Coffee and pastries will be served. This workshop is open to all instructors at Rice University.

Spring Reading Group: Mindset
Feb
7
12:10 pm12:10

Spring Reading Group: Mindset

  • Herring 129

The Center for Teaching Excellence invites you to join us this spring as we read Carol Dweck's Mindset: The New Psychology of Success

Discussions will take place from 12:10-1:00PM in Herring 129 on three Tuesdays in February (7th, 14th, and 28th). All faculty, staff, and graduate students are welcome.

The CTE will provide copies of Mindset: The New Psychology of Success to all participants who register by January 30th.

Registration has been closed.

Faculty Owl Days (Day 2 of 2)
Feb
1
8:00 am08:00

Faculty Owl Days (Day 2 of 2)

As we strive to improve our teaching, our small campus affords us the opportunity to learn from colleagues within and without our departments. Observing our peers, as they teach, has the capacity to both strengthen our faculty community and challenge our beliefs on how space, technology and presentation impact effective learning. Faculty invite you to observe their work, in an incredibly broad array of spaces, styles and languages. No need to RSVP. 

*Click here to download a PDF of the courses arranged by day/time. PDF updated 1/26/17

Michael Gustin,  Chair of the CTE Faculty Fellows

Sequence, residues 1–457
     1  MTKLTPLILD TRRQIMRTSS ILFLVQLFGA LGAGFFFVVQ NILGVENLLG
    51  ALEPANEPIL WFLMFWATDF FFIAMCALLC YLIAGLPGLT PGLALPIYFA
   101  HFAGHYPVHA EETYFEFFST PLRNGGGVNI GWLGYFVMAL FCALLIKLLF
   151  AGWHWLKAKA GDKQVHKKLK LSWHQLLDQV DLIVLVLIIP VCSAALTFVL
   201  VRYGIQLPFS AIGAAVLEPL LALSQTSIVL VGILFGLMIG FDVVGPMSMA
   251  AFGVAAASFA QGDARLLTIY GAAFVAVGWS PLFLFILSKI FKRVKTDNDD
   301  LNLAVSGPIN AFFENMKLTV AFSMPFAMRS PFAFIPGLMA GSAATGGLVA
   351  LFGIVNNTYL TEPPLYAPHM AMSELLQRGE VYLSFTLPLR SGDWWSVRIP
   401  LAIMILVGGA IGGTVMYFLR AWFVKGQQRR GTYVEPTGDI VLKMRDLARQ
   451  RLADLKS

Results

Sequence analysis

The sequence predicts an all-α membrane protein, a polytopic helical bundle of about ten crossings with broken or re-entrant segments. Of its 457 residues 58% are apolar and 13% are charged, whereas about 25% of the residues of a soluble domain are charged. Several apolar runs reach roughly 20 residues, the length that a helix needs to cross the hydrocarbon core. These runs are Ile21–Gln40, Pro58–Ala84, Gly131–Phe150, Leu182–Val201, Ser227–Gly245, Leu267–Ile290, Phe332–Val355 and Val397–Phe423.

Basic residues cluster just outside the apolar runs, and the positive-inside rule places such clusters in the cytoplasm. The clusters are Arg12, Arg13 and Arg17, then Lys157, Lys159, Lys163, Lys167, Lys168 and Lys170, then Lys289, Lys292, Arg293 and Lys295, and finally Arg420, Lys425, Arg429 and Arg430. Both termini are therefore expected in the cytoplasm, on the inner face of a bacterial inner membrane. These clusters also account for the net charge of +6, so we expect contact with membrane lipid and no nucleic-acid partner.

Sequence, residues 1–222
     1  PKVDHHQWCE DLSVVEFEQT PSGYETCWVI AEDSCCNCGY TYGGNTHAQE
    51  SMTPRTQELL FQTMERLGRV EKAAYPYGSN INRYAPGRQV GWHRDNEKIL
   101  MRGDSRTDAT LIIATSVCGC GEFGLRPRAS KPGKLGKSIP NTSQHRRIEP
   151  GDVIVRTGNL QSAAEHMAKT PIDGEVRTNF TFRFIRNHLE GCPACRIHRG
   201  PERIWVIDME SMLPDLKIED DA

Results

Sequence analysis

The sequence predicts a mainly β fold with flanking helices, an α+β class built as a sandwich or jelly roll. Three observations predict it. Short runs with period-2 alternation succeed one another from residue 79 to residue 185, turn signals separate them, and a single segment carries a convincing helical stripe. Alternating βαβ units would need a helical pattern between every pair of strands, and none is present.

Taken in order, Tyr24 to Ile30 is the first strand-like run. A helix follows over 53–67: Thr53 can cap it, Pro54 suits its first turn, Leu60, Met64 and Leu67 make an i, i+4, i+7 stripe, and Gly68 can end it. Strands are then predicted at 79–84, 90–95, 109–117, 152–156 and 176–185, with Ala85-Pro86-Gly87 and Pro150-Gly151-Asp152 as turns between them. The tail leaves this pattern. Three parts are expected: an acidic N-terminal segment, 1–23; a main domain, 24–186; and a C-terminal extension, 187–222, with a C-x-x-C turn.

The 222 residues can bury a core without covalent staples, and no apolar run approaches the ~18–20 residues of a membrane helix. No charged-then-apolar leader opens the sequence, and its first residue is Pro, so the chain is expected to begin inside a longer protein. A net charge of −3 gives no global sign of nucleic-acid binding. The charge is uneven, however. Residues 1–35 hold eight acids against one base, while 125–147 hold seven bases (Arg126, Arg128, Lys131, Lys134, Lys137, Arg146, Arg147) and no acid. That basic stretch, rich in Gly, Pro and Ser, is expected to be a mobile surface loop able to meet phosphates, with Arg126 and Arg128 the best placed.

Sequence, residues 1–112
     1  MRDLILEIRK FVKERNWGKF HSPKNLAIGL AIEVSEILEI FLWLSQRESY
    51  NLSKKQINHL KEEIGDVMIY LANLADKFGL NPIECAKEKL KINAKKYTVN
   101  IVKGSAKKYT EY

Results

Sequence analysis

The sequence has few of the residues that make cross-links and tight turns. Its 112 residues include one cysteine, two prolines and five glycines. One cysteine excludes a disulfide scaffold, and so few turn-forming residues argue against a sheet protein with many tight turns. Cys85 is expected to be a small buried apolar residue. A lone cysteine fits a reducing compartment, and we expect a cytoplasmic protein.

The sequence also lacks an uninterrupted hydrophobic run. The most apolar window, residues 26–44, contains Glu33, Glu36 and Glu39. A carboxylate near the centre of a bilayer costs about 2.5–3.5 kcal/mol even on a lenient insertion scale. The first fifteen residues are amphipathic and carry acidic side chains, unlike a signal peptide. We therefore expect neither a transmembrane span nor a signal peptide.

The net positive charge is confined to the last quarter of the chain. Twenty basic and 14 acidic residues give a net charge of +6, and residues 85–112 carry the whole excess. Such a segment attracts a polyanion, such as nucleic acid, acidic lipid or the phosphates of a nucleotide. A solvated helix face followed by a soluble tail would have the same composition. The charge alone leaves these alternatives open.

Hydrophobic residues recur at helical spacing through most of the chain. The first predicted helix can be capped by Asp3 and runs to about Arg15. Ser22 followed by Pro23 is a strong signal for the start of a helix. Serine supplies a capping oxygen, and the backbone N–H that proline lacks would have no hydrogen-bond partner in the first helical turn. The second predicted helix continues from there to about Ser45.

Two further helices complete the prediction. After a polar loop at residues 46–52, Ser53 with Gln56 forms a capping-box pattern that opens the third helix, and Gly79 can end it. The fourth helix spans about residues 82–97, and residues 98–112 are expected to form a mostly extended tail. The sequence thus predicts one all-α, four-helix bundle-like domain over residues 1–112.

Professor of Biochemistry and Cell Biology

Faculty Owl Days (Day 1 of 2)
Jan
31
8:00 am08:00

Faculty Owl Days (Day 1 of 2)

As we strive to improve our teaching, our small campus affords us the opportunity to learn from colleagues within and without our departments. Observing our peers, as they teach, has the capacity to both strengthen our faculty community and challenge our beliefs on how space, technology and presentation impact effective learning. Faculty invite you to observe their work, in an incredibly broad array of spaces, styles and languages. No need to RSVP. 

*Click here to download a PDF of the courses arranged by day/time. PDF updated 1/26/17

Michael Gustin,  Chair of the CTE Faculty Fellows
Professor of Biochemistry and Cell Biology

Brown Teaching Grant Workshop
Jan
26
12:10 pm12:10

Brown Teaching Grant Workshop

  • Herring 129

The University's Committee on Teaching administers a grant from the Brown Foundation for the purpose of fostering excellence in undergraduate teaching at Rice.  The Committee is charged with supporting any appropriate means to this end, including “seminars and other programs aimed to improve the quality of teaching, and . . . studies and experimental tests of new instructional methods or programs.”  The Committee invites faculty members to submit proposals for projects to be funded by this grant. Funding for grants in previous years has ranged from a few hundred dollars to awards of $5,000. In the past, grants have been given for purchase of equipment and materials, for honoraria for outside speakers and consultants, for necessary expenses such as purchases of computer time, for wages of individuals who assist in the projects, and for any reasonable cost associated with developing and teaching an undergraduate course except one involving supplement to the instructor’s salary. These grants are intended for the enhancement of undergraduate instruction, rather than for faculty research or graduate instruction. Projects involving significant innovation and those that benefit a large number of students are strongly encouraged.